Mississippi Association of Partners in Education #PartnershipPower
2014 Partnership Excellence Award Lockard Elementary School, Indianola School District - CARES Mentoring Program. Partners: Delta Health Alliance/Indianola Promise Community, Sunflower County Retired Teachers Association, Southern Echo, Sunflower County Ministerial Alliance, Double Quik, Super Value, Planters Bank, Rasberry Men’s Club, National Caucus and Center on Black Aging, and Queen City Furniture
Duration of partnership: 1 year 100 Volunteers 100 students impacted
CARES stands for Children Are Reaching Excellence with Support. Research has shown that mentoring a child at least an hour a week makes a positive impact on academic success. That is the goal of the CARES Mentoring Program at Lockard Elementary. The CARES Program is a framework for adults in the community to provide academic, social, and emotional support to meet children’s needs. It is designed to enhance student self-esteem, to improve attendance and academics, and to provide intervention at an early age. Mentors are from faith-based groups, local businesses, and social and civic organizations.
In the CARES program, the mentor is a friend, confidant, and positive role model. Mentors are assigned to students based on student needs, mentor availability, and their shared interests. For example, a child who has a strong interest in computers may be paired with a mentor whose profession is in the IT field. The mentor and child meet once a week at the school for a minimum of an hour during the school day. During their sessions, mentors and mentees talk, play games, take walks on the school grounds, and read. Occasionally, mentors help students with homework or other activities. In general, a mentor is viewed as an adult friend and not as a teacher and certainly not as a second parent. The program works because the mentor becomes another caring adult in a child's life who is there to provide support.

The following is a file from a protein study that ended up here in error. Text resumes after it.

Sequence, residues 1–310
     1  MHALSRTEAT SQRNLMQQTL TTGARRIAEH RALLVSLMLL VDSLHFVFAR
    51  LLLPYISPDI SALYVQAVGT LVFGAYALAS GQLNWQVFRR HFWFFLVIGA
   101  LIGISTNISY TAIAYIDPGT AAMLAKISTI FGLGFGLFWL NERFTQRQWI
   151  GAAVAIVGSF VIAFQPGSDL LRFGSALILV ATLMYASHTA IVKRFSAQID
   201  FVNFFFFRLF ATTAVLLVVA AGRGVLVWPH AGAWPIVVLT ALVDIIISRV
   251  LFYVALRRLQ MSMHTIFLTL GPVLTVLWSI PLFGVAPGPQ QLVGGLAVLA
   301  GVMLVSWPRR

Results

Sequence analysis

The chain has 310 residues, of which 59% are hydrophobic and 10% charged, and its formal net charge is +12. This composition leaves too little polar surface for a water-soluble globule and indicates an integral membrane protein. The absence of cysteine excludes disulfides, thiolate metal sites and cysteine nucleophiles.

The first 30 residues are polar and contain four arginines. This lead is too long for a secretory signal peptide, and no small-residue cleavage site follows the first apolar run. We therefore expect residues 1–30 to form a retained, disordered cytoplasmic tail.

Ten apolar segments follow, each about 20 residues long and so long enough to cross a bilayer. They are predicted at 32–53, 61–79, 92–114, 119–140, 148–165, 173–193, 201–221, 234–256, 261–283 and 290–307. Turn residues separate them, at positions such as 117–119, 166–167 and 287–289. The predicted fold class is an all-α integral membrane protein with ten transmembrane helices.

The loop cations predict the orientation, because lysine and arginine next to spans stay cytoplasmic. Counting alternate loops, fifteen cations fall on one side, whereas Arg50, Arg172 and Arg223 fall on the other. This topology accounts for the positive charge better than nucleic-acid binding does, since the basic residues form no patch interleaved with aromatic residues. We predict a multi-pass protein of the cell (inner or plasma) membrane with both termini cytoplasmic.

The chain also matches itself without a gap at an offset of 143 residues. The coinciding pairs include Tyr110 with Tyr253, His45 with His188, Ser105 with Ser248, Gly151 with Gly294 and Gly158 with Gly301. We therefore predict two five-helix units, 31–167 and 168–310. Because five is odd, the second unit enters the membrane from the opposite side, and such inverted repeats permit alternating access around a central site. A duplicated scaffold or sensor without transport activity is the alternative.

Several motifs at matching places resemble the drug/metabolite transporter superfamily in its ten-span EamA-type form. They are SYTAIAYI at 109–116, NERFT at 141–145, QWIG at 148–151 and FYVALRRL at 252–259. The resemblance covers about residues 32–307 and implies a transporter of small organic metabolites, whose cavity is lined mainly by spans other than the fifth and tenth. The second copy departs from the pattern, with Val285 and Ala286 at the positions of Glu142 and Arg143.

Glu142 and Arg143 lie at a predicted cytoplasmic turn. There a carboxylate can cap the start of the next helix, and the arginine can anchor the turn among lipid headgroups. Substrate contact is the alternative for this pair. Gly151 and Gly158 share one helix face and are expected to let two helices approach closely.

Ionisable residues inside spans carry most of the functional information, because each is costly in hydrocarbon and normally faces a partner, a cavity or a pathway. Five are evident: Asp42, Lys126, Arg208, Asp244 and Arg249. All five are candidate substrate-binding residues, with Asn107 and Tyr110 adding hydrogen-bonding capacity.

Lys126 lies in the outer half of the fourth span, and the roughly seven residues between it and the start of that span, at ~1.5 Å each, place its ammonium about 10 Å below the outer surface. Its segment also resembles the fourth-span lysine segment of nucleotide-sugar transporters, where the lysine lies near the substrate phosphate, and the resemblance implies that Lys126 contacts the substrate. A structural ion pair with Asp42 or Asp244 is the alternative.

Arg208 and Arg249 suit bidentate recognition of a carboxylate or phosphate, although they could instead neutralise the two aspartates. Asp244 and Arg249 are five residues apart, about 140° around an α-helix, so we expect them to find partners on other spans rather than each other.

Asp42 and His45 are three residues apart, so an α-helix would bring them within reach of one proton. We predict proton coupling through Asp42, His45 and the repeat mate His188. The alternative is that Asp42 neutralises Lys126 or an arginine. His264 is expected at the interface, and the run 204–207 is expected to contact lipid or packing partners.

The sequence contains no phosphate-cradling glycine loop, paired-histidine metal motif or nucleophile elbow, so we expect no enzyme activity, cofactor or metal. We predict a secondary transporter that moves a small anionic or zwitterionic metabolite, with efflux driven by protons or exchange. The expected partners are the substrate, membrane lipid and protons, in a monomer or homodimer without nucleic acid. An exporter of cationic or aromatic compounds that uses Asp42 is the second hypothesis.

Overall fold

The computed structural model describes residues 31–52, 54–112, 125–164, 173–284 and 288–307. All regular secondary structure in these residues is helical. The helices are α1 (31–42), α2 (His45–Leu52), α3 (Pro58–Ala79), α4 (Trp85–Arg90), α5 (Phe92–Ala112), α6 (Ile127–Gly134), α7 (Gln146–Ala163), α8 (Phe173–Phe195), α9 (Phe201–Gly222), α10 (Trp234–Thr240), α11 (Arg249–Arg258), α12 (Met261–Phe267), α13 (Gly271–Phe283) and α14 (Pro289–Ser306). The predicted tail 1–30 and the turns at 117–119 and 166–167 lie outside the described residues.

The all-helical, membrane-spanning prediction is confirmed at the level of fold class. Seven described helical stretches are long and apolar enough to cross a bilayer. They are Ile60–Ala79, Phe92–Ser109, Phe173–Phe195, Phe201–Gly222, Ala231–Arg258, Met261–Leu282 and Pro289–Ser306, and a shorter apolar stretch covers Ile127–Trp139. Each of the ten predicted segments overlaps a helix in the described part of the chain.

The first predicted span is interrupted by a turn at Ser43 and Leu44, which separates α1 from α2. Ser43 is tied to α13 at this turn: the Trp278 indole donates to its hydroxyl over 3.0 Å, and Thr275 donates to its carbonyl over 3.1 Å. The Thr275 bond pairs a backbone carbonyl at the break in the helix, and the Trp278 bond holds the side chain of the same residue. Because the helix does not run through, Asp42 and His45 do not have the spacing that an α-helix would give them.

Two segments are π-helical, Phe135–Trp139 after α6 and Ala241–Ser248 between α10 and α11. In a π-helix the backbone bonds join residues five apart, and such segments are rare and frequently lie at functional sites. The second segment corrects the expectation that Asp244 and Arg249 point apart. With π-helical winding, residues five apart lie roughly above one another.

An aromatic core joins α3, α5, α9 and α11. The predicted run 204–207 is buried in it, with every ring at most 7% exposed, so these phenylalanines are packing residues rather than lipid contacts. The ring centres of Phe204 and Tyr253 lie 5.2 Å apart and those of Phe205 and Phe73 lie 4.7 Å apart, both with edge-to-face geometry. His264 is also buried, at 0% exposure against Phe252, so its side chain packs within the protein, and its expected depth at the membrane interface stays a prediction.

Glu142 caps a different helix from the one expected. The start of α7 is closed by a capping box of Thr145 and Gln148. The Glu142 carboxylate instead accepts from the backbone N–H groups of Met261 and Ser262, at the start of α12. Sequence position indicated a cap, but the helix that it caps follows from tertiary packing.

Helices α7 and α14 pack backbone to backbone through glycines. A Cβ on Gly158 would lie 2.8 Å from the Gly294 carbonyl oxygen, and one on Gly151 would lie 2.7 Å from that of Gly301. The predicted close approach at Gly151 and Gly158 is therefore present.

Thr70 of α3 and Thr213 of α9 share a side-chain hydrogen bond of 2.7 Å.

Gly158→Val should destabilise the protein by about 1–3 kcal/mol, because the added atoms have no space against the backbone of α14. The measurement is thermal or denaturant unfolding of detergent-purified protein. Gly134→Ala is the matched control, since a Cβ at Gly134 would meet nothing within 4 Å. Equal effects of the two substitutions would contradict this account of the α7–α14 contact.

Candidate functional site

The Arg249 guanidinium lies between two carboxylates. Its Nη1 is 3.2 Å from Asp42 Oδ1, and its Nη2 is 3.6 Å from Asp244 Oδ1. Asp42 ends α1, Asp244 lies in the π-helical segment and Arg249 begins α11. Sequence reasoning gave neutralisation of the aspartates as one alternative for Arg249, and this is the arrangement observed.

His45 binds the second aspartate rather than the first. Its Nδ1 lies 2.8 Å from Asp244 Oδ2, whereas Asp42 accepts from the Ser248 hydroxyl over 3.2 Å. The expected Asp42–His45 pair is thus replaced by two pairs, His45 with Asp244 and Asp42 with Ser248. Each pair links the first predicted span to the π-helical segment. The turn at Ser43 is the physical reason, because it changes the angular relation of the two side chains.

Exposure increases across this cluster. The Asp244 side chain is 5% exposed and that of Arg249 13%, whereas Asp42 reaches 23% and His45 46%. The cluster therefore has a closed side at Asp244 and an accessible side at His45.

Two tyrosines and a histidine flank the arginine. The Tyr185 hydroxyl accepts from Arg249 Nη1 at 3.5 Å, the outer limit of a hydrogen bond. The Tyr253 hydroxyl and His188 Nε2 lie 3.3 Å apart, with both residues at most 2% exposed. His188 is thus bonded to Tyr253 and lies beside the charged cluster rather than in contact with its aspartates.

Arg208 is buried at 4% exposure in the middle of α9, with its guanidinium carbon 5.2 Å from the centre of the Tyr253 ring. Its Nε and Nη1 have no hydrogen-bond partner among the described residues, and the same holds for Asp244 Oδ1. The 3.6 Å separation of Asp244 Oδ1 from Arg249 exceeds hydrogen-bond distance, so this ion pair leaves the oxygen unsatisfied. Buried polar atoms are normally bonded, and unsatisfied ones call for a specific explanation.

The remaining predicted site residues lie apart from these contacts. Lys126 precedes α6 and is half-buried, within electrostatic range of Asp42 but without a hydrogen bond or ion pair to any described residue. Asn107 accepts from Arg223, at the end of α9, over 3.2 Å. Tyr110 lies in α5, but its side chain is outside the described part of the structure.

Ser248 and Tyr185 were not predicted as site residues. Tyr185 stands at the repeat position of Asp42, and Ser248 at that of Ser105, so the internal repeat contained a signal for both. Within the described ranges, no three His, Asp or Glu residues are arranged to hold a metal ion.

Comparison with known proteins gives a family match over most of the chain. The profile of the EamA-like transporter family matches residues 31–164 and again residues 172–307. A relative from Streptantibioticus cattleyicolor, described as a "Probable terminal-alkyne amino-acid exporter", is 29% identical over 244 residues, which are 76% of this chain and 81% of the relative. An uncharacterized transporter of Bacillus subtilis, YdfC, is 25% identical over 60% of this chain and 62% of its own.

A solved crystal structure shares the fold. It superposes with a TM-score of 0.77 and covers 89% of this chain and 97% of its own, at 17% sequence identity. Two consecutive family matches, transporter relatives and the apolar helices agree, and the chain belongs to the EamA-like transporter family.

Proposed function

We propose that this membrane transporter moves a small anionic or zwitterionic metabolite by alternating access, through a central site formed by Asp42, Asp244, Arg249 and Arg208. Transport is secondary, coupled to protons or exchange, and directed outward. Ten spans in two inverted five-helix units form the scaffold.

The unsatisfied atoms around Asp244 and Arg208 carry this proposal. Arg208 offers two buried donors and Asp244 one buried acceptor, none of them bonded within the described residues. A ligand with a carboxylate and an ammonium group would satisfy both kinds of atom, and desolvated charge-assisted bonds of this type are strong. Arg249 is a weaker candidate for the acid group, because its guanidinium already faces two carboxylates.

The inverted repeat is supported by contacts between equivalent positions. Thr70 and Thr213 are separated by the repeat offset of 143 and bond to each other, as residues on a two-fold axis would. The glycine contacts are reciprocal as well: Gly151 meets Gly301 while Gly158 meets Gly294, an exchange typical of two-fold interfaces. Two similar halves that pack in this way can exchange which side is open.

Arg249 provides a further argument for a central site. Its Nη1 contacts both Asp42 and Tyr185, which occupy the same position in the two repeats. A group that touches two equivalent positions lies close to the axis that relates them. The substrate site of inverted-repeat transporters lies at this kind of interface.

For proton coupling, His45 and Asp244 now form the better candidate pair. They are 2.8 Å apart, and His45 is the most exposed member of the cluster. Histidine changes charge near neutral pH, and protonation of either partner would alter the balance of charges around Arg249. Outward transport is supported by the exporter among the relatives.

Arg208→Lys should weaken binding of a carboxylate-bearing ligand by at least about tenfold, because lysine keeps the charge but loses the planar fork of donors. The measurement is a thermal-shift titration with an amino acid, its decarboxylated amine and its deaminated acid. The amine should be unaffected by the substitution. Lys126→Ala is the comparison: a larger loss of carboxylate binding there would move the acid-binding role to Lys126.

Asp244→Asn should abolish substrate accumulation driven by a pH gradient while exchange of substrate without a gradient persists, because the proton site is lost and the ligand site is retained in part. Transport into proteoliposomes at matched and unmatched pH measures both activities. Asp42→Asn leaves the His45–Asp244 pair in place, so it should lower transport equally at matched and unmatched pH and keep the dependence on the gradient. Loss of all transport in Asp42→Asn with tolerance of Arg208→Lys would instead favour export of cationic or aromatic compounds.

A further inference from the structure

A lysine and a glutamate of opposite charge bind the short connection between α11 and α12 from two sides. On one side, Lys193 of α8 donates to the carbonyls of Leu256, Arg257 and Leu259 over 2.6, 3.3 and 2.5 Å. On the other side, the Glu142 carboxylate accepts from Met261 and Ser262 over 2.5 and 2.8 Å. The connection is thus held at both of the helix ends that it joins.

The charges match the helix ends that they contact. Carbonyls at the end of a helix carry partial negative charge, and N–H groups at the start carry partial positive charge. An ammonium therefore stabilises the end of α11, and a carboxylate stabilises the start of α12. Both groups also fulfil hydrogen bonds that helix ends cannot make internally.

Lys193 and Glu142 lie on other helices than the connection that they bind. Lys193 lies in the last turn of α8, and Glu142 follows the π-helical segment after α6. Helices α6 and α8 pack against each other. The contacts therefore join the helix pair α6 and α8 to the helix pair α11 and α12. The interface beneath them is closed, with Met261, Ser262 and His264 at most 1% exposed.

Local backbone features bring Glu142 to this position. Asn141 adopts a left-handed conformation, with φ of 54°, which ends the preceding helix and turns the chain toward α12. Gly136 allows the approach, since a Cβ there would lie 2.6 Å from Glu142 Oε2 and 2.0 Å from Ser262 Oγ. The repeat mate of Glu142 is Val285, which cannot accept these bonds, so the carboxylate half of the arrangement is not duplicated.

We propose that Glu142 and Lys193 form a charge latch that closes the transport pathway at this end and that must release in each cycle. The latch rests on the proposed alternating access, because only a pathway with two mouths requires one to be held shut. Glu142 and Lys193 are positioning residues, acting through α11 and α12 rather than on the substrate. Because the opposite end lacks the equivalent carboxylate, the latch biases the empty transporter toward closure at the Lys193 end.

Currently CARES is a volunteer-led operation, with a program coordinator who oversees the daily engagement of mentors and mentees. There are five subcommittees that help administer the program — they oversee recruitment and selection, fundraising, professional development, parental engagement and policy development. Individuals from the community who are interested in becoming CARES mentors are initially interviewed by the program coordinator. Candidates must clear background and reference checks, and once they are approved to participate, they must complete a training session and an orientation session.
The program was first implemented in March 2013 with 22 mentors and mentees. Within a year, the school noticed improvements in absenteeism, behavior and course performance. From fall to winter, 83 percent of CARES mentees improved reading scores and 94 percent improved math scores. The CARES Mentoring Program has created new opportunities for community involvement and support at Lockard Elementary School, and the program has grown to include 100 mentors and mentees.